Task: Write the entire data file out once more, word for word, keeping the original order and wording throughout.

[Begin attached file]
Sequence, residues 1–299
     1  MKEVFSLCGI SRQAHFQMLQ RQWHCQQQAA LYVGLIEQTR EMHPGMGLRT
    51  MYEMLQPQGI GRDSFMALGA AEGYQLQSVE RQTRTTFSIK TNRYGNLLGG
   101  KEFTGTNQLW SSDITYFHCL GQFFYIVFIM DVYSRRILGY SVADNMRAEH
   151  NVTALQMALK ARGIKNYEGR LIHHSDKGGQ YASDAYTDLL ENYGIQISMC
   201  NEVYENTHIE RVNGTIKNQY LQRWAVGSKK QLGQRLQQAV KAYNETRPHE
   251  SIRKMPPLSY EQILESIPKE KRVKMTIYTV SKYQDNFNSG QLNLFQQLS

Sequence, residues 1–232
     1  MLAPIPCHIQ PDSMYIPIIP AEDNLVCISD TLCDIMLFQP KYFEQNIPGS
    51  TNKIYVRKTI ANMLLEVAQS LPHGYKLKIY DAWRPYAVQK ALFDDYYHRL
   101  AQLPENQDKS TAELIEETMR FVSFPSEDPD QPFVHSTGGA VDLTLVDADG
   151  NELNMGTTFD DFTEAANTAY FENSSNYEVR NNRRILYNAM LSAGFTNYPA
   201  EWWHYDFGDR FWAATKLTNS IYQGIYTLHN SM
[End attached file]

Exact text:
Sequence, residues 1–299
     1  MKEVFSLCGI SRQAHFQMLQ RQWHCQQQAA LYVGLIEQTR EMHPGMGLRT
    51  MYEMLQPQGI GRDSFMALGA AEGYQLQSVE RQTRTTFSIK TNRYGNLLGG
   101  KEFTGTNQLW SSDITYFHCL GQFFYIVFIM DVYSRRILGY SVADNMRAEH
   151  NVTALQMALK ARGIKNYEGR LIHHSDKGGQ YASDAYTDLL ENYGIQISMC
   201  NEVYENTHIE RVNGTIKNQY LQRWAVGSKK QLGQRLQQAV KAYNETRPHE
   251  SIRKMPPLSY EQILESIPKE KRVKMTIYTV SKYQDNFNSG QLNLFQQLS

Sequence, residues 1–232
     1  MLAPIPCHIQ PDSMYIPIIP AEDNLVCISD TLCDIMLFQP KYFEQNIPGS
    51  TNKIYVRKTI ANMLLEVAQS LPHGYKLKIY DAWRPYAVQK ALFDDYYHRL
   101  AQLPENQDKS TAELIEETMR FVSFPSEDPD QPFVHSTGGA VDLTLVDADG
   151  NELNMGTTFD DFTEAANTAY FENSSNYEVR NNRRILYNAM LSAGFTNYPA
   201  EWWHYDFGDR FWAATKLTNS IYQGIYTLHN SM